Volume 94 Issue 43 | p. 25
Issue Date: October 31, 2016

Cover Stories

10 Start-Ups to Watch

Young companies powered by chemistry
Department: Business
Keywords: cover story, start-ups, biotech, 3D printing, pesticides
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Credit: Will Ludwig/C&EN/Shutterstock
A graphic with Snap Circuits and logo that reads 10 Start-ups to watch.
 
Credit: Will Ludwig/C&EN/Shutterstock

Any seasoned entrepreneur knows that starting a company takes much more than just a great idea. Creating a successful business is a careful exercise in timing, planning, and tenacity. Like setting up a circuit, all the right pieces need to snap into place in order for the lights to come on. The right scientific minds need to encounter the right business minds at a time when the world is ready for—and ready to pay for—a particular innovation.

In the following pages, C&EN is, for the second year, telling the stories of 10 young companies that have managed to bring all the right pieces together. Working across the chemical enterprise, they were selected by our business reporters because they reflect the way chemistry is at the foundation of so many important technological advances.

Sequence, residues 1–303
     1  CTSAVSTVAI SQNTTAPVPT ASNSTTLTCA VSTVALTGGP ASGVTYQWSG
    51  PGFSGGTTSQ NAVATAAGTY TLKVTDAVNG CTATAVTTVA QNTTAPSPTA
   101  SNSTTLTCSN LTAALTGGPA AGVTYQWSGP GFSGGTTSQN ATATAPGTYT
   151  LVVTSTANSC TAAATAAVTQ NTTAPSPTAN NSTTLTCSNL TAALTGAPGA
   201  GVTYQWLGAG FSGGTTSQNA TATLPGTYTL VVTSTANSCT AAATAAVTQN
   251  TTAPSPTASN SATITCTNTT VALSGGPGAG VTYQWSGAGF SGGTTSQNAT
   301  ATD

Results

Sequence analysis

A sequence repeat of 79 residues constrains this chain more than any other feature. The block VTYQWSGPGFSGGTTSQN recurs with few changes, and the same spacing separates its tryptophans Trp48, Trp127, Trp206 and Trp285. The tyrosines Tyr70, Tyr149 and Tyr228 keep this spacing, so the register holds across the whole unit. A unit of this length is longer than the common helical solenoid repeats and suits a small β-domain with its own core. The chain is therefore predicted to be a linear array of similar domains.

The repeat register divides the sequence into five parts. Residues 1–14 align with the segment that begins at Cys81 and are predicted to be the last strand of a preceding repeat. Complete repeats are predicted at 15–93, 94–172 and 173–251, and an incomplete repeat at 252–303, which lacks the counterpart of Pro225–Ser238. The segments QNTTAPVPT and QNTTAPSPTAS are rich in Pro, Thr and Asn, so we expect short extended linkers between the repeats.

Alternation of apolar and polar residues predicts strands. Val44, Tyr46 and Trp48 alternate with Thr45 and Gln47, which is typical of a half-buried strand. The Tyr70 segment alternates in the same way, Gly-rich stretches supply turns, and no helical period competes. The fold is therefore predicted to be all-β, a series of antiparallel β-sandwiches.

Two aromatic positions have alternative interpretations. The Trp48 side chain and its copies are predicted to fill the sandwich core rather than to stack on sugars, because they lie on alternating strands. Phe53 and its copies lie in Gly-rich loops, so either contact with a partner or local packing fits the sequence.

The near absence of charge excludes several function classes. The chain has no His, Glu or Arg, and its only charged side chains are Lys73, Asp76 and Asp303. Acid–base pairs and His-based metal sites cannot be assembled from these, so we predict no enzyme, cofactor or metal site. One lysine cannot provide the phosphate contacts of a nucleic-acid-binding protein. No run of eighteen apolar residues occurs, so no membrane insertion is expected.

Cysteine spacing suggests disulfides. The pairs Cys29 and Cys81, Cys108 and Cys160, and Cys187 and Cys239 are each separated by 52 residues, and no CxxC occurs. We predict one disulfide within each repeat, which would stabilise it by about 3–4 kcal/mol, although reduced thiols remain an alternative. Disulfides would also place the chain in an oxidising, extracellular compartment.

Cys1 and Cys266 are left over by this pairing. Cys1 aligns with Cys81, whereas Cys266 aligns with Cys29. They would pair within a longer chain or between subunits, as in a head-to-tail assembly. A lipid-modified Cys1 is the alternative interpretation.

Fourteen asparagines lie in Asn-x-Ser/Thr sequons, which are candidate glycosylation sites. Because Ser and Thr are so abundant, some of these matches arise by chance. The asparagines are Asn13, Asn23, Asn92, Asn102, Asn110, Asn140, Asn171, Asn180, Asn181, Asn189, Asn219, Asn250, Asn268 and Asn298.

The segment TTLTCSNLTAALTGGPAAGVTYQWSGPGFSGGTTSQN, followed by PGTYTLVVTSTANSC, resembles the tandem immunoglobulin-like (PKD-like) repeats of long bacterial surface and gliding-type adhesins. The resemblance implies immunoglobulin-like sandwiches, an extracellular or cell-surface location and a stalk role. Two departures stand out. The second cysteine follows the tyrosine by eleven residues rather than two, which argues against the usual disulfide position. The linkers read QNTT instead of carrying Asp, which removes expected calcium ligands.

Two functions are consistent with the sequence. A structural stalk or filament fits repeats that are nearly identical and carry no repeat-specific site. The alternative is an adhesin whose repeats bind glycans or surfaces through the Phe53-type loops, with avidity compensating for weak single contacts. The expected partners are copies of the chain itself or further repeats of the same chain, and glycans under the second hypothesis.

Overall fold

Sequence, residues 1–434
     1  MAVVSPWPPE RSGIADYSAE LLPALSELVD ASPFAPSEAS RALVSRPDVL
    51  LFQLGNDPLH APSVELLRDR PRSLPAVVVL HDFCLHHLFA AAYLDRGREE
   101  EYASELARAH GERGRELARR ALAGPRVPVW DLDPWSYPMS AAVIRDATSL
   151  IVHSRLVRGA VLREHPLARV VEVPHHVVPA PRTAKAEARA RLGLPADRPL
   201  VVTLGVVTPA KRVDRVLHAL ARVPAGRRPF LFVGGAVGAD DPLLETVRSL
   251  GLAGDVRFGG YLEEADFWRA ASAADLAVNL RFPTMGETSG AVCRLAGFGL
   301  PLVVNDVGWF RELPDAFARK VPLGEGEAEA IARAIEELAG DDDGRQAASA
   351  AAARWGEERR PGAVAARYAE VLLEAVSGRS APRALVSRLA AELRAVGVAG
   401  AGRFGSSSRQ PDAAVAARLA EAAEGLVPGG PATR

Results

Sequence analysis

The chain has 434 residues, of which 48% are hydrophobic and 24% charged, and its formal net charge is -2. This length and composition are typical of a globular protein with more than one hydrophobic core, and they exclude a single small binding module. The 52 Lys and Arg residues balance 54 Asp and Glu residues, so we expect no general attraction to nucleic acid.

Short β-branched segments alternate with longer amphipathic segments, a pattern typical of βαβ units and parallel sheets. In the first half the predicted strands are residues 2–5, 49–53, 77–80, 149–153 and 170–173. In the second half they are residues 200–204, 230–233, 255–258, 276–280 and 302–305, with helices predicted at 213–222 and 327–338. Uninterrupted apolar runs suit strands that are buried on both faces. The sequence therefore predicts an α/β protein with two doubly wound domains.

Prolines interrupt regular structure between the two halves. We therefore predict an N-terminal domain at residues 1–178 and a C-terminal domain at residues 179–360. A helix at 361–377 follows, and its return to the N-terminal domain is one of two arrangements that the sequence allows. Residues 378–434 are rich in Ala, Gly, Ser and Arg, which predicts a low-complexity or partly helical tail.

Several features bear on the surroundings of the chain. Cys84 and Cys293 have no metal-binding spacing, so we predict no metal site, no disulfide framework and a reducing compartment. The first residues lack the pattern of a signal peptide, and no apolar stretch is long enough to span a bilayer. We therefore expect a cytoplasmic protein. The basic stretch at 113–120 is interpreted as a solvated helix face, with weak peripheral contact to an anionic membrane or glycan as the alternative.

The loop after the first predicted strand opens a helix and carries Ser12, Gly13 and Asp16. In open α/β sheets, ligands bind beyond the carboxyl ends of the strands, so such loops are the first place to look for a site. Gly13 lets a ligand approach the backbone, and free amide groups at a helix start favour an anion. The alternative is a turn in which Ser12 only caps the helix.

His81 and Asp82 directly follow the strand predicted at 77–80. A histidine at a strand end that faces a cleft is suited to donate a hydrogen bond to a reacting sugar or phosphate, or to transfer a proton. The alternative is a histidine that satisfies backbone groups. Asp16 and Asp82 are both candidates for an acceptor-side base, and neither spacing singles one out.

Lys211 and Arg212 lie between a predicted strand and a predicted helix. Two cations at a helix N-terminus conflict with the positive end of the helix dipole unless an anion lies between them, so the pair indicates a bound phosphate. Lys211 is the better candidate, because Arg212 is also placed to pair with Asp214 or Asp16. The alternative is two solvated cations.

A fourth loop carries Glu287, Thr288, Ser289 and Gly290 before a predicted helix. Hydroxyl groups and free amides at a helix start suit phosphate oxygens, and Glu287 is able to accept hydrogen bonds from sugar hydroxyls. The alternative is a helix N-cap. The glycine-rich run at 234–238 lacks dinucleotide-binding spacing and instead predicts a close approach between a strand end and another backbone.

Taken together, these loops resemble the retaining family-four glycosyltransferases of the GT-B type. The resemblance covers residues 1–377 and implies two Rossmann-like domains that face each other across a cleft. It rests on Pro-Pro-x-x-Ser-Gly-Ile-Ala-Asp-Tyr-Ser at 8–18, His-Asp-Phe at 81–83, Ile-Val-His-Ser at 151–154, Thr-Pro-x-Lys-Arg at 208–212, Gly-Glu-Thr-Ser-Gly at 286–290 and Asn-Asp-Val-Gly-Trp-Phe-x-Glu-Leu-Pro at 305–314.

Several of the firms are addressing some of the world’s most recalcitrant scientific problems, including neglected disease, electronics miniaturization, and energy conservation. Others are finding ways to bring to reality the things we have so far only imagined—a television that can rolled up like a sheet of paper, for example. Most are the product of years of academic research that has finally been pulled out of the lab.

As always, we remind readers of the outsized failure rate for start-ups. Far more fold than flourish. That said, we think these companies have a good shot at beating the odds. 

Know a start-up we should consider for next year's list? Nominate it here: cenm.ag/startupnom

 
Chemical & Engineering News
ISSN 0009-2347
Copyright © American Chemical Society
Comments
Girish Malhotra  (November 6, 2016 5:59 PM)
Pharmaceutical (API) do not have volume per company to go continuous. Formulations could have done it 60+ plus years ago. Didn't. Can't justify investment with the current business model.
Continuus pharmaceutical has to review its sales pitch.
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